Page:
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Wen: China set to act if crisis grows

THE global financial crisis had not yet hit bottom and its impact was still spreading, Premier Wen Jiabao said yesterday during his first-ever online chat.

He told Netizens that China was "ready to take firmer and stronger actions whenever necessary."

"We must fully realize we are facing a long-term and arduous task," he said.

He explained the major impact of the crisis was on China's real economy instead of the financial sector, which after more than 10 years of reform, was relatively stable, healthy and capable of withstanding the crisis.

Wen said the worst affected were China's east coastal areas, where the economy was more export-dependent and labor intensive. The decline of international market demand also caused unemployment of a great number of migrant workers.

To cushion the impact of the crisis, China has announced a package of stimulus plans, covering four aspects. The first is a 4-trillion-yuan (US$588 billion) economic plan with tax cuts, the second the revitalization of 10 key industries, the third involves technical upgrading, and the last to build a comprehensive social security network.

He said the stimulus measures had shown initial effects and produced good results in certain areas.

For example, the country had seen consecutive growth in credit supply, with new loans of around 440 billion yuan in November, 770 billion yuan in December and 1.63 trillion yuan in January, Wen said.

He also cited figures on stronger retail sales and the rebound of power generation and use.

Consumption rose 18 percent year on year in January, while power generation in the February 11-20 period increased 15 percent year on year, which was up 13.2 percent from the first 10 days of the month, he said.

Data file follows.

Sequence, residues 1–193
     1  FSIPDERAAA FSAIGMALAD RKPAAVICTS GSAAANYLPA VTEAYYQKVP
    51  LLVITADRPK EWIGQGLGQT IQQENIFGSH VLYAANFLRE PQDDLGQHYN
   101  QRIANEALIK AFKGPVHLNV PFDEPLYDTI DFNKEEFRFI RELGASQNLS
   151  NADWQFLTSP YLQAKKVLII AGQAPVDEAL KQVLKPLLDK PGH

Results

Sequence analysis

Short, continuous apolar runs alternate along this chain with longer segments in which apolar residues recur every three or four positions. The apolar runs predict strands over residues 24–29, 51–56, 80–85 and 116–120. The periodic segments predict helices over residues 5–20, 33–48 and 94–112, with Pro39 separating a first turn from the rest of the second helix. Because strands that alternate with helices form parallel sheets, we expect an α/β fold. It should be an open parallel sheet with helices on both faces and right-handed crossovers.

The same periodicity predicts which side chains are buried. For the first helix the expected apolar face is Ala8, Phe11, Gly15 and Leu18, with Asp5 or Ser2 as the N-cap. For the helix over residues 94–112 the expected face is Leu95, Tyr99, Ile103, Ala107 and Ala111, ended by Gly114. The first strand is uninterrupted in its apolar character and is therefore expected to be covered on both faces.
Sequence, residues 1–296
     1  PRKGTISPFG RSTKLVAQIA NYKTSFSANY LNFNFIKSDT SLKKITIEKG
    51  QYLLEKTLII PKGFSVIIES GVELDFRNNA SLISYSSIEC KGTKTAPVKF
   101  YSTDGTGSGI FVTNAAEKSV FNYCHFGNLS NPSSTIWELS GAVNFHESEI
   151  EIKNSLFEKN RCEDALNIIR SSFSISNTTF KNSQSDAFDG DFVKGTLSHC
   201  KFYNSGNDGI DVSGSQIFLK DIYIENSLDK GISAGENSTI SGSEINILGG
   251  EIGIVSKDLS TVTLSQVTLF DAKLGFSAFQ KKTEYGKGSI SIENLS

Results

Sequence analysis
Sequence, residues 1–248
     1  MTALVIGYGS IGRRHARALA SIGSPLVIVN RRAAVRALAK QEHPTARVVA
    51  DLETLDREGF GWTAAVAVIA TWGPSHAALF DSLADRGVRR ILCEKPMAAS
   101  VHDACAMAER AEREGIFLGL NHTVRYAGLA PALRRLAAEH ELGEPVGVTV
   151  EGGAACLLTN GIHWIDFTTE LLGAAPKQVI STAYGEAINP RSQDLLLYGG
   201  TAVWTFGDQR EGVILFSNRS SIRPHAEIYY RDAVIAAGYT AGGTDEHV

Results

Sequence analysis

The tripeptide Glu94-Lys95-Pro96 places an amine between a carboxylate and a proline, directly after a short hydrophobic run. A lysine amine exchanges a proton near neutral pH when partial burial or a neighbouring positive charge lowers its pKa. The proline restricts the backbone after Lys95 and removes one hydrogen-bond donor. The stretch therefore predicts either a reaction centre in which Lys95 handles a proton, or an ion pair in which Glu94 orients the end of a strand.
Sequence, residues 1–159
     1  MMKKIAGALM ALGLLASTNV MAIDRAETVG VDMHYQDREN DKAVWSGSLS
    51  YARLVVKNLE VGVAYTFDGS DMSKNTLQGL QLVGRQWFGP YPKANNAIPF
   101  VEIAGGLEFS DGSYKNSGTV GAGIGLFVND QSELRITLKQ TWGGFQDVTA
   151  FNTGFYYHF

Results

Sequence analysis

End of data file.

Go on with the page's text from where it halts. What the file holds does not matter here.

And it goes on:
"Some key indicators show the economic situation has somewhat turned better," he said. "But those were just temporary indices and couldn't be fully compared with past figures."

Wen said one indicator he valued most was power generation. "Starting from mid-February, power generation and consumption have both resumed growth," he said.

"We must strengthen confidence in the face of the crisis and be ready to take firmer and stronger action when necessary," he said.

He expressed confidence in China's capital market, noting the government had the responsibility to establish an open, fair and transparent market environment.

"I have confidence in China's economy and the development of Chinese enterprises and therefore in the country's capital market, too," he said.

Wen said he was "very concerned about the stock market," whose role was to absorb private capital to support the economy as well as increase investors' income.

China's benchmark Shanghai Composite Index has shed more than 60 percent since hitting an all-time high in October 2007.


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